1. The total amount spent by the Council on data security and cyber security training in the 12 months to the 1st of November 2019; and the breakdown of these costs in terms of the training undertaken.
We do not hold information about the costs of creating/preparing/delivering training or associated travel costs as the information is not recorded.
2. The total amount spent by the Council on private cyber security contractors and/or consultants/consultancies in the last 12 months.
We believe that information relating to the amount spent on private cyber security contractors and/or consultants/consultancies which the Council may or may not hold is exempt from disclosure under Section 31(3) of the Freedom of Information Act 2000 – ‘Law Enforcement’. This is because disclosure places the organisation at risk of fraud and crime. Our systems hold information about individuals and, therefore, the possible chain of events resulting from releasing this information could put individuals, and authorities, at risk of criminal activity.
3. The total number of qualified cyber security and data security professionals employed by the Council.
We hold this information but consider that disclosure may place the council at increased risk of targeted cyber-crime and as such, is exempt from disclosure under Section 31 (1) of the Freedom of Information Act. Confirming or denying whether information is held on cyber-attacks and what remedial measures may or may not have been taken could aid malicious parties by encouraging further attacks. Attacks on IT systems are criminal offences, so to provide information or confirmation of information being held might prejudice the prevention of crime by facilitating the possibility of an offence being carried out.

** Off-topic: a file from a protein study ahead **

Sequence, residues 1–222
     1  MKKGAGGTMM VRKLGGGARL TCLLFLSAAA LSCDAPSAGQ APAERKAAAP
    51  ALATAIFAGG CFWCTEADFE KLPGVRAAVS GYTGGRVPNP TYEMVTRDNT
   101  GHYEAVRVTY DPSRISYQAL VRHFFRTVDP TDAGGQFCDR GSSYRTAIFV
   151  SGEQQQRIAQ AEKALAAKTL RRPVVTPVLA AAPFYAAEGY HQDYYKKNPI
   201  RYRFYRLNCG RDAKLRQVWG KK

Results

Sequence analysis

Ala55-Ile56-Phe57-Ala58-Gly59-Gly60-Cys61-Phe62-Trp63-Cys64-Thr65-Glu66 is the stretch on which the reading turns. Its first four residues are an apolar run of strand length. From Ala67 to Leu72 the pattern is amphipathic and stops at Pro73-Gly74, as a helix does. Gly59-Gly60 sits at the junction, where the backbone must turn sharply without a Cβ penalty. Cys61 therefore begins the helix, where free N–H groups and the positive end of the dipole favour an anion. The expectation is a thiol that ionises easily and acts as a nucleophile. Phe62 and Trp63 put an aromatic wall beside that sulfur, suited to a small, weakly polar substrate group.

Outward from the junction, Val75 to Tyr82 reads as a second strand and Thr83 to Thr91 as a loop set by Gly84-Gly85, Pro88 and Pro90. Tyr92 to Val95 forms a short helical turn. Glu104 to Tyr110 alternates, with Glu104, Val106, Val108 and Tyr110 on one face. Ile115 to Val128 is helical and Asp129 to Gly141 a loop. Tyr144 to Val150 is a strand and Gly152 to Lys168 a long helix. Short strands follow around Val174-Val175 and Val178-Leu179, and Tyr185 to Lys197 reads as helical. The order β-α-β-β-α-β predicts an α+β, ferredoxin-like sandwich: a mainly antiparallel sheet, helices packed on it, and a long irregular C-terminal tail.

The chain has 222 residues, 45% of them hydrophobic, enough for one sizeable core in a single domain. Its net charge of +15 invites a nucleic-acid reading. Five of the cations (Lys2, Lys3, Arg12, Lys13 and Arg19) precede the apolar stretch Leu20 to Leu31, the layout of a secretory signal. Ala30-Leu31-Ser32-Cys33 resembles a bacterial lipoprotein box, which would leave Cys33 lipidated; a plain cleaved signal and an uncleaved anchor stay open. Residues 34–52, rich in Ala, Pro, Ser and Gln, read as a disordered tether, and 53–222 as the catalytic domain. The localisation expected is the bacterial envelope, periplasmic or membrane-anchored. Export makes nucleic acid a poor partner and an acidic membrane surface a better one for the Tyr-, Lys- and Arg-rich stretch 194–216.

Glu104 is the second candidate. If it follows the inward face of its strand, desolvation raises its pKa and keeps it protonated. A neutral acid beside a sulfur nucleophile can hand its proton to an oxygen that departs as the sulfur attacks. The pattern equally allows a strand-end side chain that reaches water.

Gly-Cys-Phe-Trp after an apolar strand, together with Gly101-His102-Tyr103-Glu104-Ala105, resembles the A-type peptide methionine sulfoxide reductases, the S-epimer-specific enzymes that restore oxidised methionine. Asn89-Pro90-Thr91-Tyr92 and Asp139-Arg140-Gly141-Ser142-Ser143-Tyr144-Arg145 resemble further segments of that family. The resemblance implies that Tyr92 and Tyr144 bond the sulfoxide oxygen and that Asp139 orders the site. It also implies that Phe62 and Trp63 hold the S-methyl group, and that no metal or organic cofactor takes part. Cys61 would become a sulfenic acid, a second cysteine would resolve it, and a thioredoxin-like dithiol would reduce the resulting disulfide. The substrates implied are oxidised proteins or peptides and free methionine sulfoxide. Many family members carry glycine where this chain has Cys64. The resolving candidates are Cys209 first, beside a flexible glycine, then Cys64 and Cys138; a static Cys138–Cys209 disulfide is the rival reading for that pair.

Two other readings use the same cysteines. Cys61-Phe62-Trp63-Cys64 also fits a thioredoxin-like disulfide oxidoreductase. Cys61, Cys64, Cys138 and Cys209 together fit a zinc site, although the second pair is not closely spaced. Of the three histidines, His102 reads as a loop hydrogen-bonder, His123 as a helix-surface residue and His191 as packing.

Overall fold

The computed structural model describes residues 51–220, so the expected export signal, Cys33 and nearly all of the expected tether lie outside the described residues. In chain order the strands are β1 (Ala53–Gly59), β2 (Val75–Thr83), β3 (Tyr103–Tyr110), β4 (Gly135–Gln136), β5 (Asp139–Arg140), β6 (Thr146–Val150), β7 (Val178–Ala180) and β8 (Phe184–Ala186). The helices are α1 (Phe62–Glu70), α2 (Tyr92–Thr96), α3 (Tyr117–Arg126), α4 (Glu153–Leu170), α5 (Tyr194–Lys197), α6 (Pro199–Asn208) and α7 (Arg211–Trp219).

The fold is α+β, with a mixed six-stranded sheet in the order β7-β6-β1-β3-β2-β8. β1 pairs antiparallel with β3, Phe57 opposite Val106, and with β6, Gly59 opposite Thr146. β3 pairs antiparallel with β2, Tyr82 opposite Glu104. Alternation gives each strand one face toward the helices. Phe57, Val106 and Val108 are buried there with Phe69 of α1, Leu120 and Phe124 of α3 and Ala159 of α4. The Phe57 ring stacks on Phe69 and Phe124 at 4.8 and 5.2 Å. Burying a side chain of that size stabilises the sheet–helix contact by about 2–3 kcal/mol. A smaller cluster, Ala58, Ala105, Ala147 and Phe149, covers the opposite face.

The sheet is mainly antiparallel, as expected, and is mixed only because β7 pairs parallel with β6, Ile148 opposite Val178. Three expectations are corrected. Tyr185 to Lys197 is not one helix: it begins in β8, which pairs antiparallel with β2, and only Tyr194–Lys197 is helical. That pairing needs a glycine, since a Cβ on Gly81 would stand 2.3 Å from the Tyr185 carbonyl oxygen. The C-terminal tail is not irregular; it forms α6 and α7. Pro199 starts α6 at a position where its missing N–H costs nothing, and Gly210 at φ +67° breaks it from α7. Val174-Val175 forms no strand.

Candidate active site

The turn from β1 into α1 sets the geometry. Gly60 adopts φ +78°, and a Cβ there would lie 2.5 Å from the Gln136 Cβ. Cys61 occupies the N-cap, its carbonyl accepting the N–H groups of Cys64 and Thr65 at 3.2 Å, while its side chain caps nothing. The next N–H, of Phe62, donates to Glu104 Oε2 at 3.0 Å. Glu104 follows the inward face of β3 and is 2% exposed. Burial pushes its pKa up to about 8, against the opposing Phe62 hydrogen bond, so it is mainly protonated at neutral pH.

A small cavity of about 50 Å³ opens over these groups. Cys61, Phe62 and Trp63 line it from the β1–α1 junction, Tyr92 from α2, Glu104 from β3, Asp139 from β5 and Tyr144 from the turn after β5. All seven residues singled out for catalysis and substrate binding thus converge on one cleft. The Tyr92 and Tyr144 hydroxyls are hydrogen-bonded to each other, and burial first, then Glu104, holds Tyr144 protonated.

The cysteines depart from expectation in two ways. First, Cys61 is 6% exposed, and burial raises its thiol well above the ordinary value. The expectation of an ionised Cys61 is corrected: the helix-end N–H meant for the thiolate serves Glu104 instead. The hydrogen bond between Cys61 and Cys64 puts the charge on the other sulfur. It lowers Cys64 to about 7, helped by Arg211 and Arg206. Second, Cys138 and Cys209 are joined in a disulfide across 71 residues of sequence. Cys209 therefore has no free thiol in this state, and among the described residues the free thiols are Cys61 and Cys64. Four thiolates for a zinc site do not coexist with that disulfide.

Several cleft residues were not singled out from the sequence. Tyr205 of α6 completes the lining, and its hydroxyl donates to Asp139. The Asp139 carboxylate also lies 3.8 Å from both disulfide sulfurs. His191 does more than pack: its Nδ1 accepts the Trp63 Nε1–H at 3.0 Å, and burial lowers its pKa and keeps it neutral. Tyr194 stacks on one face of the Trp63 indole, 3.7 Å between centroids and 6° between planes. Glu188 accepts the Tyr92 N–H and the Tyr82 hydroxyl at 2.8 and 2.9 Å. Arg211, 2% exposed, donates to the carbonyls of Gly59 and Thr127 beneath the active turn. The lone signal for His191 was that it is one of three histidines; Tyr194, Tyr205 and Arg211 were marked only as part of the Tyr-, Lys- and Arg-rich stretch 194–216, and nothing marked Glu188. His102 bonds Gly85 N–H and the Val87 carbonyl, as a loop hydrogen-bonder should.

Section 31 is a qualified exemption which means we are obliged to carry out a public interest test. There is a very strong public interest in the effectiveness of law enforcement and the prevention of crime and although we recognise the need for openness and transparency because this increases public trust and engagement, this has to be weighed against a very strong public interest in safeguarding the security of Council specific systems. Indeed, it can be held as not in the interests of an individual council to provide information about the number of attacks that may or may not have been made against its IT systems as this could enable individuals to deduce how successful the council is in detecting these attacks and incurring this risk can be deemed not in the public interest. Section 31 of the Freedom of Information Act 2000 states that there is a very strong public interest in protecting the law enforcement capabilities of public authorities so on balance we consider the application of the exemption to be justified.